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This is important: Alignment

What happens if the way you manage projects isn’t in line with the goals of your department, company, or industry?
HugoDeschamps – Aligned
Failure, that’s what.
This is a great post that I found about the alignment of individuals and organizations. The same applies to the way you manage your projects.
Projects should further organizational objectives
It will be difficult to move your organization forward if your portfolio of projects is moving in different directions. Many projects will fail simply because they go against the organizational goals. This can lead to conflicts and a lack of support. Many key stakeholders might not be on board or even want the project to fail if they don’t support the objectives.
Methodology should be adapted to project environments
If you have to adapt the processes to accommodate a larger group, it is not possible to use techniques that were intended for smaller teams of 10 people. A complex approach to large aerospace projects might not work well for a 4-week project that has 3 people involved. To handle the complexity of a larger project, you will need a different process than the one that is smaller. Although the actual functionality may not change from a project management perspective, the level of detail should.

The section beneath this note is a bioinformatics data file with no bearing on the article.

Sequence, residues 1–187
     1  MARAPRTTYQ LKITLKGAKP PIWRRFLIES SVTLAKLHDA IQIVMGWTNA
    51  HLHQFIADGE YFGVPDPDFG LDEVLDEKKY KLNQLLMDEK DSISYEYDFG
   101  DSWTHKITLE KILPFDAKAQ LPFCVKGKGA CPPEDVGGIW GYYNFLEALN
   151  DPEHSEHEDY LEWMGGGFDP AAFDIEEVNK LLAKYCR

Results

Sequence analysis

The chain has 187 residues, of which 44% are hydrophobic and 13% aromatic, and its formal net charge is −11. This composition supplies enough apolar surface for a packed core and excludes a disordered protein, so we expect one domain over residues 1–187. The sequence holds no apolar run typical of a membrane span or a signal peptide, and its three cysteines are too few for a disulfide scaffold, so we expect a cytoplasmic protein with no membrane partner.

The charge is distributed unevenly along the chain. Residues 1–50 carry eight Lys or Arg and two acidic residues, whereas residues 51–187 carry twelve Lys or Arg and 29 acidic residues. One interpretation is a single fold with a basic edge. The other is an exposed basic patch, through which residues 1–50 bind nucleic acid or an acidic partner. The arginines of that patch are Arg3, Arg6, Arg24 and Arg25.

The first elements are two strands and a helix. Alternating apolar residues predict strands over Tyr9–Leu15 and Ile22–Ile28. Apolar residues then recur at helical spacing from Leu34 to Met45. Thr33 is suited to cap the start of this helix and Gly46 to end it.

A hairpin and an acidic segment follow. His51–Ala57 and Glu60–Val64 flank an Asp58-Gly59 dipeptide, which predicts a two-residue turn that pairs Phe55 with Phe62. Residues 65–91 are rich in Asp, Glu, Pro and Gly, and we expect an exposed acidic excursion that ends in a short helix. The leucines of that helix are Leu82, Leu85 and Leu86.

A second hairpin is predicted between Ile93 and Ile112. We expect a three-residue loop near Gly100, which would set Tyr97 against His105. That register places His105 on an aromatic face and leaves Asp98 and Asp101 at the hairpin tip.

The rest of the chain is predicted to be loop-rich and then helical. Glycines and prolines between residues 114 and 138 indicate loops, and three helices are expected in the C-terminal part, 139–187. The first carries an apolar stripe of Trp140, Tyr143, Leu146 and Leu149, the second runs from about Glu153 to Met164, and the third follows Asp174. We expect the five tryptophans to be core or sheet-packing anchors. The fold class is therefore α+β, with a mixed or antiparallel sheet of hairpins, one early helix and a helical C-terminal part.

EVM is a great way to manage performance. It has been a requirement for large federal contracts. It was done with great rigor and process. I’ve also used it on small software development projects where reporting was limited to only the most important aspects and artifacts like CPRs were not produced….variances were simply reported in a short-form status report.? The sprint backlogs were used to calculate EV for the small project. This was a much simpler method than the more complicated scheduling and status reporting tools required for large projects.